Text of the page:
We’ve gone out several nights. He’s very excited both to see what we’ve already seen and to look for new things. (On the night that it was somewhat cloudy, he reprimanded us for not buying a better telescope… not accepting that the problem was clouds, not equipment quality.) He’s “discovered” star clusters.

Not sure how long it will last, but for now, it’s pretty neat.

Posted in education, know better do better, mental health, mindset, parenting

Shaming isn’t useful

A few years ago, I bought a course by Brené Brown through Udemy. The course is no longer available for purchase, but I still have access to it and go through part or all of it from time to time.

At one point, she said (paraphrased), “85% of adults interviewed remember something so shaming from school that it forever changed how they thought of themselves as learners.”

That’s a lot of power. “Forever changed how they thought of themselves as learners.”

Forever.

I know more people than I’d like who were explicitly told by their music or choir teacher that they can’t sing. My mom was told to stand in her spot and lip sync.

That horrifies me.

People discouraged from taking certain classes or career paths, regardless of content or grade level. (I know stories kindergarten through grad school.)

(There are just as many stories of people who were totally lifted up, inspired, or saved by teachers as well. And there’s a difference between “these are skills you need to work on and it’s going to be a lot of work” and “you’re not good at this and shouldn’t bother.” The second is both mean and pedagogically lazy.)

Of course, it’s not just teachers. Parents use shame all the time. There are awful (and, unfortunately, widely celebrated) videos of parents publicly shaming their children.

Culturally, shame is a national pastime.

The thing is: shaming is not an effective means of punishment. It doesn’t work—not the way we do it. And it’s strongly connected to addiction. (Coincidence that we have an enormous addiction problem in this country?)

My therapist told me once that we’re the only animals who shame their offspring and don’t follow up with love. The shame becomes internalized. We learn that this failure is who we are instead of something we did.

Unless you’re feeling secure in what that love follow-up ought to look like, bypass shame as an intentional attempted motivational technique.

What people feel shame about varies; different people feel shameful about different things. Your family of origin is typically where those seeds are planted, though as we just learned, school can do it as well, or really anywhere/anyone influential in childhood. So something that doesn’t seem shaming to you could feel very shameful to someone else. (There are oodles of cultural examples of this, no? Ask people if they change by their locker at the gym…)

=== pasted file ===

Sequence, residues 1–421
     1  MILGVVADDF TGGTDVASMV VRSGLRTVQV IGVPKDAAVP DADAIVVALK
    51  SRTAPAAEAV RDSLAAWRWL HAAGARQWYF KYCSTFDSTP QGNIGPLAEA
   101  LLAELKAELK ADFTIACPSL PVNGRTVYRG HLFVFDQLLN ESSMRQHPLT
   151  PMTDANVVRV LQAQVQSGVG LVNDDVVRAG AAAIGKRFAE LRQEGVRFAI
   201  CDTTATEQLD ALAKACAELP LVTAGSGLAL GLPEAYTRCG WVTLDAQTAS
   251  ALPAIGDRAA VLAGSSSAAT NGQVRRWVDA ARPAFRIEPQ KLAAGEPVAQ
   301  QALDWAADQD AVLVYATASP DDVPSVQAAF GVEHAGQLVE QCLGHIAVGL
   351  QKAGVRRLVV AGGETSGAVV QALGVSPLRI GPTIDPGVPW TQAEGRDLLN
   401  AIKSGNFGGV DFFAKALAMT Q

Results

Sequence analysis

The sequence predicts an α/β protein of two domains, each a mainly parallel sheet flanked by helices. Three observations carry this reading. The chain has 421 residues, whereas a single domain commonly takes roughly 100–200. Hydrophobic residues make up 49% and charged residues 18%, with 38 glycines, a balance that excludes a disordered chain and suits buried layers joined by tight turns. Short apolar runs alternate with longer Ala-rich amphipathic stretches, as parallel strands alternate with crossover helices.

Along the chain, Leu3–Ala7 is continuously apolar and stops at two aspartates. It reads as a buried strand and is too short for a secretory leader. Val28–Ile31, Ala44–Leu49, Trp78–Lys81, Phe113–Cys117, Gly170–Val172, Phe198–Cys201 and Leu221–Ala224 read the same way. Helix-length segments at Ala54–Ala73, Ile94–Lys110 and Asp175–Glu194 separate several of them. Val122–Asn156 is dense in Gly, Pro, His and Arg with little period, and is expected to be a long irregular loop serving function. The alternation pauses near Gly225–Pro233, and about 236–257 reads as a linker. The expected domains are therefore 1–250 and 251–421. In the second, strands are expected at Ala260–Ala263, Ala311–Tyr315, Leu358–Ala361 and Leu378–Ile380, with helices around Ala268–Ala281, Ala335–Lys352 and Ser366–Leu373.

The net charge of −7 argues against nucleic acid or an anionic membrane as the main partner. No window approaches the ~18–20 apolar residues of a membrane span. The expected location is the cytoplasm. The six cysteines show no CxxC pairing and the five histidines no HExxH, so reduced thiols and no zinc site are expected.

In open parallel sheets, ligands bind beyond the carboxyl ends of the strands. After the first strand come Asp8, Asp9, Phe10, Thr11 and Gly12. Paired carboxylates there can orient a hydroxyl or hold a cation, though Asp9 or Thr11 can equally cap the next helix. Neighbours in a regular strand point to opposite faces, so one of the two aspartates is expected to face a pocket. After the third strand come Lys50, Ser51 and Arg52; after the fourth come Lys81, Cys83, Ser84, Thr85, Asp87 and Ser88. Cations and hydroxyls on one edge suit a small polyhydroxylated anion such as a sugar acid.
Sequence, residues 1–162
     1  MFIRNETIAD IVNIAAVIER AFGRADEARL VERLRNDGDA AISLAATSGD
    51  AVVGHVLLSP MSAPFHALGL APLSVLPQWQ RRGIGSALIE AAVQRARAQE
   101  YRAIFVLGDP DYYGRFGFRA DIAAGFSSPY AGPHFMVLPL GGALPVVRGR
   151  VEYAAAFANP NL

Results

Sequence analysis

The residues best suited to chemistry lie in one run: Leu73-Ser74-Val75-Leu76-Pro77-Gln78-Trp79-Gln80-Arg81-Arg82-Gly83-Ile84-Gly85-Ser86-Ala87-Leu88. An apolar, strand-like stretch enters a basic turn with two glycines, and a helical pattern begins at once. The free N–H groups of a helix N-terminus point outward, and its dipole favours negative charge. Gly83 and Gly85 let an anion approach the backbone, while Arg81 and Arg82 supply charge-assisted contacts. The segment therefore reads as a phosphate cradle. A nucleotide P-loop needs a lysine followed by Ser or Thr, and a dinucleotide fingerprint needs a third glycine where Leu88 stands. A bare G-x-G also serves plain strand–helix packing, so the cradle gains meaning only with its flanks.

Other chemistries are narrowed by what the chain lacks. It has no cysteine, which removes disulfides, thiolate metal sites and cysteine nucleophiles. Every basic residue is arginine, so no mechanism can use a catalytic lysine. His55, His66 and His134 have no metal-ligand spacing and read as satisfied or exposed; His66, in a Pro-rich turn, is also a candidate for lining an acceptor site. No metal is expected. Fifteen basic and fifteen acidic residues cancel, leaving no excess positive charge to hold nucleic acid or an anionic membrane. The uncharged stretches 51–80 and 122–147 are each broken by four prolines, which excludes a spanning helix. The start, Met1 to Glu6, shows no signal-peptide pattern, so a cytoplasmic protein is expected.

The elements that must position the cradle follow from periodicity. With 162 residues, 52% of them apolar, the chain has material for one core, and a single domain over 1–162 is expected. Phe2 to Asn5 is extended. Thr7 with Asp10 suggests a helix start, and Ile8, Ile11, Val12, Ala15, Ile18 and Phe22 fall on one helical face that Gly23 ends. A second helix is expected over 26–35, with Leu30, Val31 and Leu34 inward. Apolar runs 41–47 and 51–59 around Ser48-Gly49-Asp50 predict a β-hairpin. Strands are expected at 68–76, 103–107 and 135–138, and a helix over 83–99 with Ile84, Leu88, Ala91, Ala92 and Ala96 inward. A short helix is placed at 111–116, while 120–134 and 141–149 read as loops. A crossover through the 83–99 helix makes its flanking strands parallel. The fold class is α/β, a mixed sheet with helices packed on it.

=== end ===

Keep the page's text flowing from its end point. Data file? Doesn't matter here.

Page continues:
As teachers, as parents, as people in a civilized place—skip the intentional shaming. We’ll all be better for it.

 

Posted in follow-up, know better do better, podcasts, tips

“I don’t know how to interact with women any more.”

In blog writing, I have a few rules I’ve set for myself. Always proofread at least twice (once immediately and once after walking away, ideally for a day, but an hour will do in a pinch). Don’t share identifying information about people or share other people’s stories that aren’t mine to tell (unless I have permission). And listen to the whole podcast (or read the whole book, or whatever) before sharing pieces of it.

I broke the last rule yesterday. I had 20 or so minutes left of Michael Gervais’s interview with Abby Wambach when yesterday’s post went live. Because I listen a lot less in the summer than during the school year (less time in the car; more time with The Kid in the car), I didn’t get to finishing it until later.

While the quote I picked out was indeed a good one, if I was going to choose one bit of that interview to focus on, it wouldn’t have been that one … if I had listened to the whole thing.

What might I have focused on instead?

They talked about the plight of men right now, and how so many are lamenting that they don’t know how to interact with women any more since the rules are changing. (To be honest, they had a lot more empathy in that than I do.)

Her advice?

“Mind your own body.”

Simple. Largely effective. Keep your hands, eyes, and body-based comments to yourself. Doesn’t address systemic issues or things of that sort, but for your basic, daily interactions? It should get the job done.

She also talked about inequalities between men’s and women’s sports. If your argument is “men’s sports make more money!” this would be a good clip for you to listen to. (I believe Freakonomics also addressed that a bit, but I couldn’t tell you what episode … or even what season…)

So if these pique your interest, listen to maybe the last half hour. Or just listen to the whole thing. It was interesting.

(And I will stick to my rules in the future!)